How to Play Equities in the Second Half of 2012 — Think U.S.
At the same time, the last seven months of an election year have seen only two losses in the S&P 500 index since 1952 — one in 2000 when the dot com bubble burst, and the other in 2008 when the Great Recession took hold.
No such anomalies are expected this year, says Jeffrey A. Hirsch, president of the "Stock Trader’s Almanac", who predicts the Dow Industrials will end 2012 in the 10,500 to 11,500 range, 5 percent to 10 percent higher than 2011.
“Things are setting up seasonally and historically true to form,” says Hirsch.
Like Wren, Rendino believes cyclical stocks will steal the show during the third and fourth quarters fueled by investor optimism — and a wealth of opportunity for value investors.
“We think expectations are too pessimistic and that investors are doing the wrong thing running for the hills,” he says, noting valuations are not reflected in the price of many stocks. “There are stocks out there trading at lower levels than they did in 2008 and 2009 when the world ended, and most are in the information technology sector.”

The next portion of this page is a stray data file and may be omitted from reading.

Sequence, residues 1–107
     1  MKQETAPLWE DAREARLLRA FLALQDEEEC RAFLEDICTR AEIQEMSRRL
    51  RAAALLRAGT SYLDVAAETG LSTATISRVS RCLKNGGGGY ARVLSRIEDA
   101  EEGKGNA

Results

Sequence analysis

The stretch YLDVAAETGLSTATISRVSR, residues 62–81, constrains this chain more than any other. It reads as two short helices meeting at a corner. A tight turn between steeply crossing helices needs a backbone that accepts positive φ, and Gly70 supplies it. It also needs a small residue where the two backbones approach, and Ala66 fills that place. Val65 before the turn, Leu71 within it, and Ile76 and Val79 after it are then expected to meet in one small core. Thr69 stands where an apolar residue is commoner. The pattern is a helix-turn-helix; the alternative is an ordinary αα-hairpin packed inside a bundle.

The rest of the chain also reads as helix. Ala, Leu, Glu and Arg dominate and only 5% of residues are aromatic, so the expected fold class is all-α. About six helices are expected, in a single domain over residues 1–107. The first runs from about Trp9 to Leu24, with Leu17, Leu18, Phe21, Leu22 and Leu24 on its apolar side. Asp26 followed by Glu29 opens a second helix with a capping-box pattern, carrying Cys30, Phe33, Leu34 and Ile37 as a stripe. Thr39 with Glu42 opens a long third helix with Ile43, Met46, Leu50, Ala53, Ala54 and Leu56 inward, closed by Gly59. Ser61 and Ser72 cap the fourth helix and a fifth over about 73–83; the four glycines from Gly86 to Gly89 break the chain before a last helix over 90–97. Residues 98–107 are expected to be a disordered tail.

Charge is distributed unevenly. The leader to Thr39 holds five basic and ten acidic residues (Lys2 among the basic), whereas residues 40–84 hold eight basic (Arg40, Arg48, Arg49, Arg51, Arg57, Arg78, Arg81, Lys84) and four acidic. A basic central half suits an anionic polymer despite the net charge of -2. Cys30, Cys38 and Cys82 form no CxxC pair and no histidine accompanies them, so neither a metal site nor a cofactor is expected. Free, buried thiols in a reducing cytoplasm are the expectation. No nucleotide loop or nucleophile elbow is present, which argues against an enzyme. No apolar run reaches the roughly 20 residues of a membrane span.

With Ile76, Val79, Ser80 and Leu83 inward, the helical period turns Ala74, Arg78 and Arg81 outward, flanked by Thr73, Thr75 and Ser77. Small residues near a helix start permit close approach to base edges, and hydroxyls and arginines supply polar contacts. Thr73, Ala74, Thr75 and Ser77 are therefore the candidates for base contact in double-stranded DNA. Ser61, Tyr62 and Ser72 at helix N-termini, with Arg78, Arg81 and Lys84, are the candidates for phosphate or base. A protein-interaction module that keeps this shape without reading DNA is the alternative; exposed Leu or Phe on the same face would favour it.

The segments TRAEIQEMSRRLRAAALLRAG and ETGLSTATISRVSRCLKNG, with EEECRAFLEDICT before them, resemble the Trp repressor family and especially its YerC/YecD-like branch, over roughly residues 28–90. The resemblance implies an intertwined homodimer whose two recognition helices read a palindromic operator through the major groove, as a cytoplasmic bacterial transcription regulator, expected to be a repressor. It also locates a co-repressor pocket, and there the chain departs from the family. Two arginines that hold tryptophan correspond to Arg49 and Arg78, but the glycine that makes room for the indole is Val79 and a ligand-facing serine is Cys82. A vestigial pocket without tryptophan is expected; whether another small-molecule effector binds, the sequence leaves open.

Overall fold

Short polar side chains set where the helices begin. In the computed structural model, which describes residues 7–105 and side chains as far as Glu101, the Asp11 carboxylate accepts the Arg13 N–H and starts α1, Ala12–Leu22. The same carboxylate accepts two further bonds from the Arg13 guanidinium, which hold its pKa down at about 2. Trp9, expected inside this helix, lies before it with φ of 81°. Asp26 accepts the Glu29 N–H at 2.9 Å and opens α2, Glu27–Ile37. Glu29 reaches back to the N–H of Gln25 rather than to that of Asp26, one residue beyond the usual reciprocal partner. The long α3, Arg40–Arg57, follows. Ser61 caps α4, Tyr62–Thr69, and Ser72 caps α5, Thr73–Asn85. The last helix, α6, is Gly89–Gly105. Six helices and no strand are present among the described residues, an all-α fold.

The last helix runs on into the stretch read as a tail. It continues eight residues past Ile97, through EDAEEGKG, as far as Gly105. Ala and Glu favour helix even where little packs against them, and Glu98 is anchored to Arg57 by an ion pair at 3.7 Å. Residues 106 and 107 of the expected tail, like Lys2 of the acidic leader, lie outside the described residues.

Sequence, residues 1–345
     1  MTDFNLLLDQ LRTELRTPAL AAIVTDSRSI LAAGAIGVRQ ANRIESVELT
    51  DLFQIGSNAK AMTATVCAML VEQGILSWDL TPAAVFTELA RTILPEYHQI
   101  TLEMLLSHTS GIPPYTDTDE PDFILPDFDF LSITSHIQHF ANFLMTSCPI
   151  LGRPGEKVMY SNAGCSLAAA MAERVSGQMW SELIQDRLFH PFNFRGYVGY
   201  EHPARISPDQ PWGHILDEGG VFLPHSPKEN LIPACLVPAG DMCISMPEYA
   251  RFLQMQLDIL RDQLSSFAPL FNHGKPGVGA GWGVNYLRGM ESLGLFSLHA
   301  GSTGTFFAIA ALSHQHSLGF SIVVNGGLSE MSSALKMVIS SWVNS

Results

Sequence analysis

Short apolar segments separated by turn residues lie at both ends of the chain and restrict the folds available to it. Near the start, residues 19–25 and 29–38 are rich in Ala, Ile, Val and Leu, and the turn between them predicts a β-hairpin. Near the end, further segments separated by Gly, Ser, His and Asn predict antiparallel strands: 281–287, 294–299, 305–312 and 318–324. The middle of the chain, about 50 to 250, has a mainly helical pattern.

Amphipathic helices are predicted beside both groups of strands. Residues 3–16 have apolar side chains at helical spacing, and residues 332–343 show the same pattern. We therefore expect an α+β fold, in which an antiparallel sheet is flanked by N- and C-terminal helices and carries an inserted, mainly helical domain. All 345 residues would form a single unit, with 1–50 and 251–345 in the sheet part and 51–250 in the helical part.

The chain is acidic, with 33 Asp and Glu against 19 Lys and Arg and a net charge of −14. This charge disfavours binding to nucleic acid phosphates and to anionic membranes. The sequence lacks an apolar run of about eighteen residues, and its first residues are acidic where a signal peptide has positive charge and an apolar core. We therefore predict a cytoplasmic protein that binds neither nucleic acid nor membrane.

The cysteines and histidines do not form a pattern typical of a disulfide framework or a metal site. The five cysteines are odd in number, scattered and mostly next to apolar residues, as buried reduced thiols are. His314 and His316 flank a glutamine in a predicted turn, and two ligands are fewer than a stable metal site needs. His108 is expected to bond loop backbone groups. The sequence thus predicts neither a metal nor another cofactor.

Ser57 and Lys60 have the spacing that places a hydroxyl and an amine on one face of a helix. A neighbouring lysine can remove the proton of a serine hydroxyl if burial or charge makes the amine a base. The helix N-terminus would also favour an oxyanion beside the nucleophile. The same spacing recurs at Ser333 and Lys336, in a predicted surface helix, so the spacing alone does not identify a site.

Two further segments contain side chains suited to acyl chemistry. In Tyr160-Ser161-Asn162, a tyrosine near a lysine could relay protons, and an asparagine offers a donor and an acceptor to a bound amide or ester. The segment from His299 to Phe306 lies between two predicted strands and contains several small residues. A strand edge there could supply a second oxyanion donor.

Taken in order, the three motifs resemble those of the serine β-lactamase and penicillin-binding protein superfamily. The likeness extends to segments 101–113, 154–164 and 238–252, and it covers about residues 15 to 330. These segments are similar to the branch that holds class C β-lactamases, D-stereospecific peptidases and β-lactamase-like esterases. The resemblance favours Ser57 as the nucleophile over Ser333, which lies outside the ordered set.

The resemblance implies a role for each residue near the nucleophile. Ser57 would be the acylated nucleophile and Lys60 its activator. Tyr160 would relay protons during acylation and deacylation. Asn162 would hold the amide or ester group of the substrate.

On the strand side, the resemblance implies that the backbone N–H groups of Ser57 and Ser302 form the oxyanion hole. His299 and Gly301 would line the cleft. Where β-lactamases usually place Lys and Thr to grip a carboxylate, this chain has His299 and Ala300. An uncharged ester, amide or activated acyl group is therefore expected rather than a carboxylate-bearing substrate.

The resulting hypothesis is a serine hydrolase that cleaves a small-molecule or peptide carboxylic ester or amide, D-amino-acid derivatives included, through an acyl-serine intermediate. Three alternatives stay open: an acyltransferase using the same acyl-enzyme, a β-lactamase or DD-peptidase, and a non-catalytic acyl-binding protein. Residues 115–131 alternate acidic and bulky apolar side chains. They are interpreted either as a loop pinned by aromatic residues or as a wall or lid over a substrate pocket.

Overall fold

As such, he says, it’ll likely be financials, info tech, and energy stocks that "return in the back half of the year as we move towards a ‘risk on’ environment;” one in which investor sentiment is driven by confidence rather than fear.
Regardless of which sectors ultimately take the lead, investors seeking downside protection in the current market environment would be wise to insulate their portfolios with U.S. stocks, while maintaining their exposure to international equities, says Wren.
“You definitely need domestic stocks, but if you’ve got any kind of time horizon you’ve got to have some international exposure in a diversified portfolio as well,” he says, noting moderate investors' international equities allocation should be 20 percent — 25 percent. “If you look out over the next 10 or 20 yeas, the majority of growth will be in the emerging markets so clearly you’re gong to want some exposure there.”